Great story, awesome soundtrack, perfect comedic timing and not really as morbid as it looks! :->
Departures--or Okuribito--is about Daigo, a cellist who lost his job at the orchestra in Tokyo. Because of that, he decides to resign as a professional musician and instead look for a job in his old hometown in Yamagata. In his search, he finds an ad for an agency (NK Agents) that "assists in journeys," and he takes this job not knowing the job was about encoffinment!
This movie is about family: you find yourself learning from the families who've lost their loved ones (most especially the family of the lady who owned the bath house), Daigo's own family (his wife Mika and his relationship with his parents), and even from the little non-family family that is the NK Agents (Daigo, Shoei, and Yuriko); and about acceptance, not only of one's "unusual job" but also of all faults... I suppose a better word is reconciliation.
In a review, Walter Pless writes:
"This is a perspective on death that could help materialistic Western audiences to focus on the things that are really important in life. Departures is about love, family, loyalty, respect, responsibility, and even the place of humans in the natural world. But its central theme is reconciliation....
"Daigo’s reconciliation with his pregnant wife and his interactions with the local owner of the sento, or bath house, and its clientele, encompass a wide range of human emotions, including basic human prejudices. But his new-found profession turns out to be a unifying and positive factor in his own life and in the lives of bereaved families within the community.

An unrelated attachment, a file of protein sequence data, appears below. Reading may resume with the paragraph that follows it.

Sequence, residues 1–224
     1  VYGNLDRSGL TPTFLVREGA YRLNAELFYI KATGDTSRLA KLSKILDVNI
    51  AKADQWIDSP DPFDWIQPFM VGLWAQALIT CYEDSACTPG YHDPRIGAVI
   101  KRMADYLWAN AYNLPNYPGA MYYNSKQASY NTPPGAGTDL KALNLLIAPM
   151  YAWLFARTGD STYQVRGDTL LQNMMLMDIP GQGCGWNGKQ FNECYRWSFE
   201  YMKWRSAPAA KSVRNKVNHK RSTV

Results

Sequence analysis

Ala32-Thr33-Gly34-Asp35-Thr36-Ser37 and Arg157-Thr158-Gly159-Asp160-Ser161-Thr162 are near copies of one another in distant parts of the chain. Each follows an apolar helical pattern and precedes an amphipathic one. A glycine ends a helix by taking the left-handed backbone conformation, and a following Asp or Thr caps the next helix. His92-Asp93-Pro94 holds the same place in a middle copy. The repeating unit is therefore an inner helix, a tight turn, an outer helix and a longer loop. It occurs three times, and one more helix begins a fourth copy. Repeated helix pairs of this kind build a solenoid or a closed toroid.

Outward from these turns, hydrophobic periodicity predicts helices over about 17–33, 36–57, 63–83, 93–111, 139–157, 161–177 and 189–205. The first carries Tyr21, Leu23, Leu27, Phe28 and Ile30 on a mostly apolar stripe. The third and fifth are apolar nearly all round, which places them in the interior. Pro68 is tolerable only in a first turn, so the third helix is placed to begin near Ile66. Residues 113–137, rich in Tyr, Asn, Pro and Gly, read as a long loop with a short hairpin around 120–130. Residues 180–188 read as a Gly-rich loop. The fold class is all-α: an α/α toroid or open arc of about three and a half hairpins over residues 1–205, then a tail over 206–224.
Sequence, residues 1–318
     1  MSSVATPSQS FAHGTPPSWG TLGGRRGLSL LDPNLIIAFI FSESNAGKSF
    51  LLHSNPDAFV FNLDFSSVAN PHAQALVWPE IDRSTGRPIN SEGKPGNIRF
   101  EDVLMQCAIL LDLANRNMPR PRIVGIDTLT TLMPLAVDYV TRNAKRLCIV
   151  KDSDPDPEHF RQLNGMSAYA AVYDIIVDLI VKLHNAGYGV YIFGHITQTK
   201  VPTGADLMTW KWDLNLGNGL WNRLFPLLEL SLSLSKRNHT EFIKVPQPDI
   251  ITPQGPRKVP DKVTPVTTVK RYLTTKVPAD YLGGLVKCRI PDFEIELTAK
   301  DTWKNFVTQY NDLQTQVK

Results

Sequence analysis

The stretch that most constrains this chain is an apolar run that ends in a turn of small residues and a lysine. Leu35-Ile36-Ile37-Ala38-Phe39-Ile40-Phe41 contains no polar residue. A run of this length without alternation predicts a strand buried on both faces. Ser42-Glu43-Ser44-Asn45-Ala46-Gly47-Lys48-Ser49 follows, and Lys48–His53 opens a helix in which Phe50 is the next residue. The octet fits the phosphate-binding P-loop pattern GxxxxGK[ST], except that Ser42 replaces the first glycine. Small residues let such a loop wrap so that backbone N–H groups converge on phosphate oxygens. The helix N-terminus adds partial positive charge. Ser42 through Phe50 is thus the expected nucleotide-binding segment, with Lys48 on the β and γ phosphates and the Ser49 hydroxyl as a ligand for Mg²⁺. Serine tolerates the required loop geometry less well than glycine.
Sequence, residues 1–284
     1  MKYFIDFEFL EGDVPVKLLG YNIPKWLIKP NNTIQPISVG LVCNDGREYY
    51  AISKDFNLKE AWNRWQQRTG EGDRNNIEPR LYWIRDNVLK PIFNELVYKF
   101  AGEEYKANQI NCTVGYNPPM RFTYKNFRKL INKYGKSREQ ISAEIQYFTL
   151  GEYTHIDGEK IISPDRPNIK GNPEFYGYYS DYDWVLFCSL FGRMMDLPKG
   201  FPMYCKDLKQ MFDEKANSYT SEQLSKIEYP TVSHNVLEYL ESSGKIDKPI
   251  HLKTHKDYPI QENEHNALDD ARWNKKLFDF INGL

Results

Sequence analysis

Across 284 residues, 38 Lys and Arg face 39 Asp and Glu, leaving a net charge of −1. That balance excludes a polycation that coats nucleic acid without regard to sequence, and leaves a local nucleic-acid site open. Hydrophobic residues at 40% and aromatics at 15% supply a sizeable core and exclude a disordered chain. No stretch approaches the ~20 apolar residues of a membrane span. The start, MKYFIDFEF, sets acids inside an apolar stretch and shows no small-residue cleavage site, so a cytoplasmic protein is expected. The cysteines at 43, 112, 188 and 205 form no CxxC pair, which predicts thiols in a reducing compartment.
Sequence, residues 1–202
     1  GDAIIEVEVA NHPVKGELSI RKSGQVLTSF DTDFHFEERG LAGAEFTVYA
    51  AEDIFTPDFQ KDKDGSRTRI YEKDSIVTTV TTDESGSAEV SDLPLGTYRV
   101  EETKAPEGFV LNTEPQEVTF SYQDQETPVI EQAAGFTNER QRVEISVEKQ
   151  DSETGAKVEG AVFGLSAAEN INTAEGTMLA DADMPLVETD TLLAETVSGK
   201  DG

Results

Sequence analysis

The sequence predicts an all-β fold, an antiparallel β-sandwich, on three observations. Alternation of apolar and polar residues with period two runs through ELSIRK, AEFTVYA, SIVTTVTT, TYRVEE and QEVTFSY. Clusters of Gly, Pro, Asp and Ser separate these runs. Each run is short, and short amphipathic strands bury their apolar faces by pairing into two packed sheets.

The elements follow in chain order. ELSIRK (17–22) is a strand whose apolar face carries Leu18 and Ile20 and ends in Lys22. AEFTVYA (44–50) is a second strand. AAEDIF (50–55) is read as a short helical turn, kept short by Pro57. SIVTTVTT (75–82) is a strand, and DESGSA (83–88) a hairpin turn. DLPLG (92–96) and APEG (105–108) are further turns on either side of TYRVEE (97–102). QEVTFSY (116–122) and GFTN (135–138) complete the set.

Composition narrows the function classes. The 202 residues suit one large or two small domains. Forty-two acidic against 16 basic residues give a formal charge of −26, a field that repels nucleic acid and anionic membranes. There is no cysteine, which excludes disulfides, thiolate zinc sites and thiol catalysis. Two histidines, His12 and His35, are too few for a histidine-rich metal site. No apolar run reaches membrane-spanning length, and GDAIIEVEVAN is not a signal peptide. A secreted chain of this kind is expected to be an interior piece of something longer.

"Daigo earns respect, and bickering families are reconciled through his ministrations over the body of their relative. The climax comes in a moving scene when Daigo has to prepare the body of his own long-estranged father. Reconciliation is at the heart of Departures....
"Departures transcends its morbid subject and one’s initial apprehension at its unconventional subject is soon swept away by its positive message about the dignity of being human, both in life and in death.----
You know how you can't ever keep something good to yourself? This is one of those times for me! Go see it!
Just two tips:
1) Don't eat while watching, and
2) have lots of tissue on hand.